The economical and social issues of the book are told by the tragic stories of the men and women who worked, and died in the stockyards district. They encountered nearly every evil possible. Unable to speak English they were easily exploited and taken advantage of. The workers of the stockyards were paid horribly low wages that weren’t even enough to keep a family going. Every member of the family must work or they would all starve. It seems that no one cared or even knew about this until Upton Sinclair wrote “The Jungle.” For the people of the stockyards they were living in a great depression, a life of depression.
This book impacted history in a great way. The power of meat inspectors greatly improved, and Americans finally had confidence in the meat that they ate. This book impacted American meat and Americans eating habits more than it did working conditions, which were what I believe Upton Sinclair was really trying to change.
Need Writing Help?
Get feedback on grammar, clarity, concision and logic instantly.Check your paper »
- The Jungle by Upton Sinclair is a novel that details the struggles endured by an immigrant and his family in Chicago in the early 1900s. The main character, Jurgis, sought out a better life than the one he had in Lithuania. He and his family heard stories of men making fortunes in America, "where a man might make three rubles a day". (Sinclair 27) America "was a place of which lovers and young people dreamed." (Sinclair 27) However, with their voyage to a new land, the dreams of Jurgis and his family were soon met with seemingly insurmountable odds.... [tags: Socialism, Capitalism, Max Weber, The Jungle]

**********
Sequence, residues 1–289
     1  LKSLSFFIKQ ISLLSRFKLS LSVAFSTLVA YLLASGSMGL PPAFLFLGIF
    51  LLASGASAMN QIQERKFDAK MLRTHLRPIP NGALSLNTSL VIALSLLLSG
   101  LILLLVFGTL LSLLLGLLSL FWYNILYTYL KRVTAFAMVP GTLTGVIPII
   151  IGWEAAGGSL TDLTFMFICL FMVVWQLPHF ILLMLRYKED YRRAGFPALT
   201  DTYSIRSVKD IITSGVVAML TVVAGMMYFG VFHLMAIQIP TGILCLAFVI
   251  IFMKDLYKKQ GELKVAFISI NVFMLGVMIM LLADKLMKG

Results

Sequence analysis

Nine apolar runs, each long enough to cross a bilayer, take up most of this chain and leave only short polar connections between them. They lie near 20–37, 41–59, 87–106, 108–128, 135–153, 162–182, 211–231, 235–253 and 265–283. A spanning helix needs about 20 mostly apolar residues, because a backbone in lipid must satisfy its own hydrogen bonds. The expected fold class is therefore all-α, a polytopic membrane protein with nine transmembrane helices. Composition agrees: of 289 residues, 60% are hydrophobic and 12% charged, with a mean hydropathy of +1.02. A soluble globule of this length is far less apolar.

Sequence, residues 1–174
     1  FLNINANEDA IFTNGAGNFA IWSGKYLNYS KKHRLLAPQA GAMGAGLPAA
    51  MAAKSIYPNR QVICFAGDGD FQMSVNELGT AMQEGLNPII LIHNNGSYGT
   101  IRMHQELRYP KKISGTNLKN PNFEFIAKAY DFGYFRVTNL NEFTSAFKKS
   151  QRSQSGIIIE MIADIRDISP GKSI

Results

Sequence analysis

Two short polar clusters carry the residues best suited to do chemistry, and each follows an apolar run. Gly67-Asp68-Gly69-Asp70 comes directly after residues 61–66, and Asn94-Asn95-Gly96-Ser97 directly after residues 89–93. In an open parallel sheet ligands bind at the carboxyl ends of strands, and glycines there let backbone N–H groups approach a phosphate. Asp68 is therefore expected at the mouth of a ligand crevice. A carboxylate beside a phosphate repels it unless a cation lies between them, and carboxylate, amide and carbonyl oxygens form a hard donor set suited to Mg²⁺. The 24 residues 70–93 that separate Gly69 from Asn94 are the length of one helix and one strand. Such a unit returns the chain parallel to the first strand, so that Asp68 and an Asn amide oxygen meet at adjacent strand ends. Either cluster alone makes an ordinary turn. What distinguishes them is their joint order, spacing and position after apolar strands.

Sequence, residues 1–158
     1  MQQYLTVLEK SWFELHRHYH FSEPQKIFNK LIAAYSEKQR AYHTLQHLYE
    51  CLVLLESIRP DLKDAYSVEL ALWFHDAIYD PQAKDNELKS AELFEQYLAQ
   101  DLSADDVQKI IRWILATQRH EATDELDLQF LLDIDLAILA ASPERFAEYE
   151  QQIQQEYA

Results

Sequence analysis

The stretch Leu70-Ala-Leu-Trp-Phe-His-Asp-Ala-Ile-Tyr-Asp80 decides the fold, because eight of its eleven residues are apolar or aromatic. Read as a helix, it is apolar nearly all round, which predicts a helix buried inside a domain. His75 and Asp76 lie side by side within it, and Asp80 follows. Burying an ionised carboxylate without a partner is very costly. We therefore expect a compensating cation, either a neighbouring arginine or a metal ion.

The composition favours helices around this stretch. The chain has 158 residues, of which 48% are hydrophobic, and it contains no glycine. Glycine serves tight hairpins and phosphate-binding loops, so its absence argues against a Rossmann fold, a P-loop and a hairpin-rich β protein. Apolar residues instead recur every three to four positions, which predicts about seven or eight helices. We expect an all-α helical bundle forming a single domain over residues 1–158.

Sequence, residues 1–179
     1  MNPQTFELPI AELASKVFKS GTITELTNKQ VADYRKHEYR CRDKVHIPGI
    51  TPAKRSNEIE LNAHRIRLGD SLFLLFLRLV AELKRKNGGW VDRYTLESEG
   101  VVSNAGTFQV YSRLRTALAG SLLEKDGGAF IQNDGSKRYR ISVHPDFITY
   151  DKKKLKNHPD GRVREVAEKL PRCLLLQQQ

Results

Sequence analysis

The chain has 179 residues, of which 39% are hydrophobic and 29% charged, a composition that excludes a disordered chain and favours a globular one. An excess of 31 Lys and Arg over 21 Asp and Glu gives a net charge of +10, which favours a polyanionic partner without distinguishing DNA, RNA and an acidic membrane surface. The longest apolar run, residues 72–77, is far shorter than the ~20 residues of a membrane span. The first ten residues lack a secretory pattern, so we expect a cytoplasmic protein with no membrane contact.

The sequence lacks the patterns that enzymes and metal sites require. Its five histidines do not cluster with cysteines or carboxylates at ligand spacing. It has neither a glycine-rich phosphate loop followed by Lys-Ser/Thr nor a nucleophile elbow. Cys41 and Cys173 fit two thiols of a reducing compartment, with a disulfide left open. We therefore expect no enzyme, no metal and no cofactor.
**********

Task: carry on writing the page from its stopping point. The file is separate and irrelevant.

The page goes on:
1276 words (3.6 pages)
- Upton Sinclair's The Jungle Jurgis Rudkus and Ona Lukoszaite open the novel of The Jungle with a celebration of their wedding. The opening of the book highlights the best time that Jurgis and Ona will ever again experience during their stay in America. Jurgis is convinced that he can accomplish the American Dream, gaining prosperity from hard work and dedication. However, as the novel progresses, we soon see that this dream that Jurgis had is much farther away than he anticipated, and prosperity seems untouchable unless one gives up their morals and values and joins the capitalistic America.... [tags: Jungle Sinclair]
1109 words (3.2 pages)